GBA Logo horizontal Facebook LinkedIn Email Pinterest Twitter Instagram YouTube Icon Navigation Search Icon Main Search Icon Video Play Icon Audio Play Icon Headphones Icon Plus Icon Minus Icon Check Icon Print Icon Picture icon Single Arrow Icon Double Arrow Icon Hamburger Icon TV Icon Close Icon Sorted Hamburger/Search Icon

Community and Q&A

Potted plants as thermal mass?

Brian Beaulieu | Posted in General Questions on

I have read rules of thumb to calculate the size of a thermal mass as concrete floor or trombe walls ect to take advantage of passive solar heating. Do similar rules of thumb exist to calculate thermal mass of other materials such as soil in large indoor potted plants and trees and a wood stove hearth and mantle? I’m designing a home (Maine zone 6) with south facing (20deg from due south) high SHGC glazing that is 10-12% of the heated floor area. Given that this is at the upper end of what is recommended I’d like to make sure I have enough thermal mass to avoid overheating in the summer. I had planned on wood floors not tile, stone or concrete hence the reason for my query.

Am I worrying about this unnecessarily? If not, any literature to help determine how much (non concrete floor) mass I need would be appreciated!

GBA Prime

Join the leading community of building science experts

Become a GBA Prime member and get instant access to the latest developments in green building, research, and reports from the field.

Replies

  1. User avatar GBA Editor
    Martin Holladay | | #1

    Brian,
    All thermal mass inside your building envelope (on the interior side of your insulation) helps somewhat when it comes to passive solar design. But some types of thermal mass are more effective that others. Ideally, any concrete in your home intended to act as thermal mass for passive solar design will be: (a) 4 inches in thickness or less, and (b) will be located where the sun hits the concrete or thermal mass.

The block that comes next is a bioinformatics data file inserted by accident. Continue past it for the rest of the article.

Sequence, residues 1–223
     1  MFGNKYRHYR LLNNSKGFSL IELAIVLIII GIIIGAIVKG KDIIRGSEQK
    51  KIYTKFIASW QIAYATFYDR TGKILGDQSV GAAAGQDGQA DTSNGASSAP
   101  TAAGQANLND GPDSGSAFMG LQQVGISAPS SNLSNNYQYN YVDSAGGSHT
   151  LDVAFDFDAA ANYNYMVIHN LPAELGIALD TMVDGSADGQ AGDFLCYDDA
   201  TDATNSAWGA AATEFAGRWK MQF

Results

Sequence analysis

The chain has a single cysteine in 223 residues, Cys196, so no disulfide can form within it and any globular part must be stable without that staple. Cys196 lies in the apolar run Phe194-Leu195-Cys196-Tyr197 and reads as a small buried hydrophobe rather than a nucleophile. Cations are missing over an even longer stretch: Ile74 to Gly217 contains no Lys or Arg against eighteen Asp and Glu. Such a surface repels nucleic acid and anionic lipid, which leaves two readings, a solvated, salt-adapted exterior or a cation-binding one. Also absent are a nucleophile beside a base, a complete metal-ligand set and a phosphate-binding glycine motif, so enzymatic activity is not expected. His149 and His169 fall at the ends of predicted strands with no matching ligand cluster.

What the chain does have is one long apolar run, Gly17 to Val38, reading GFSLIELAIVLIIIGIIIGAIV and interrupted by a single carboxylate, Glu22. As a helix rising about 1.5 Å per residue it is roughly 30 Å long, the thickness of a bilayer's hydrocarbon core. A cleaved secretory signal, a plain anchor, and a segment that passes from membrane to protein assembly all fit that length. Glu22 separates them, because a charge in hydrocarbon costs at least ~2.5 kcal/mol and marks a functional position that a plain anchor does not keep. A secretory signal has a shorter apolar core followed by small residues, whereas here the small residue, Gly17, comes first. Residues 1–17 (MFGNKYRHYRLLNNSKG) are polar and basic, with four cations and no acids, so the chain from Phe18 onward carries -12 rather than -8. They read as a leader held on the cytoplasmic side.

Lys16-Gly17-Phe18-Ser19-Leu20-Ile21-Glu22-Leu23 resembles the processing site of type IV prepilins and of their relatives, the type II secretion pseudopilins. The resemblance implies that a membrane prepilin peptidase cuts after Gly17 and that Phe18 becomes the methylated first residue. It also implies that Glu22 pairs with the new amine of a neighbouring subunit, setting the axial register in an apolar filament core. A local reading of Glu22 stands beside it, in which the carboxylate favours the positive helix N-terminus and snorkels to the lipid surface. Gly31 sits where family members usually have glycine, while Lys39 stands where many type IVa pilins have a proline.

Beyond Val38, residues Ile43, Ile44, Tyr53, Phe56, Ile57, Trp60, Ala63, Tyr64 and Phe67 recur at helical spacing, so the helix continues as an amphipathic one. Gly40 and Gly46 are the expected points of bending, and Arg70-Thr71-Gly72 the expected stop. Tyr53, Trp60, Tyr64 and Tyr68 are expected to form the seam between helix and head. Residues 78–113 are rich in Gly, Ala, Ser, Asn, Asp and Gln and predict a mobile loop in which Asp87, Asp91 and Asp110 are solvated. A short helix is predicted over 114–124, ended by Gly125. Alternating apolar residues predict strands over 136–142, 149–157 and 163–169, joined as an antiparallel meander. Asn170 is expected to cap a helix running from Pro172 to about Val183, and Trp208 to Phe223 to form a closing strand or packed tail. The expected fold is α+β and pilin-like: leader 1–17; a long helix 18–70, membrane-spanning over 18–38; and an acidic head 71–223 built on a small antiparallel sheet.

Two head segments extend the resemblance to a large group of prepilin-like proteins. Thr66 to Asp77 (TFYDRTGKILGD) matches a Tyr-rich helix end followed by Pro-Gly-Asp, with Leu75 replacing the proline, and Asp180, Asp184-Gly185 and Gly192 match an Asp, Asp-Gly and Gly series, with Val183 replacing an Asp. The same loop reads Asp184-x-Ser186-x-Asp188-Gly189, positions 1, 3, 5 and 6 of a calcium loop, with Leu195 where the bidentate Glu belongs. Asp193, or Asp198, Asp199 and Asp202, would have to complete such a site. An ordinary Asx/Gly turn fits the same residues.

A big potted plant with a big ball of soil in a dark-colored pot qualifies, as long as the pot sits somewhere where the sun hits the pot.

    The classic solution is a dark-colored 4-inch-thick concrete slab on the south side of your house. But you could also build concrete furniture -- perhaps a concrete bench -- and put it near a south window.

  2. Brian Beaulieu | | #2

    Thanks for the response Martin. I guess what I was looking for was rules of thumb to determine how much mass I need when not using traditional thermal masses such as concrete slabs and walls. For example a single small potted house plant isn't going to do much for me, however several large potted trees might. I'm trying to determine that line, if there is one.

  3. User avatar GBA Editor
    Martin Holladay | | #3

    Brian,
    Here are some rules of thumb -- some of which are contradictory:

    http://www.eere.energy.gov/erec/factsheets/passive_solar.html
    "The ideal ratio of thermal mass to glazing varies by climate."

    Green Building Guidelines from SBIC: "The rule of thumb is that the thermal mass should be about six times the area of the direct-gain, south-facing glass. ... For most thermal mass materials, their energy effectiveness increases up to a thickness of about 4 inches. Mass thicker than 4 inches typically does not absorb and release heat quickly enough to be effective and worth the additional investment."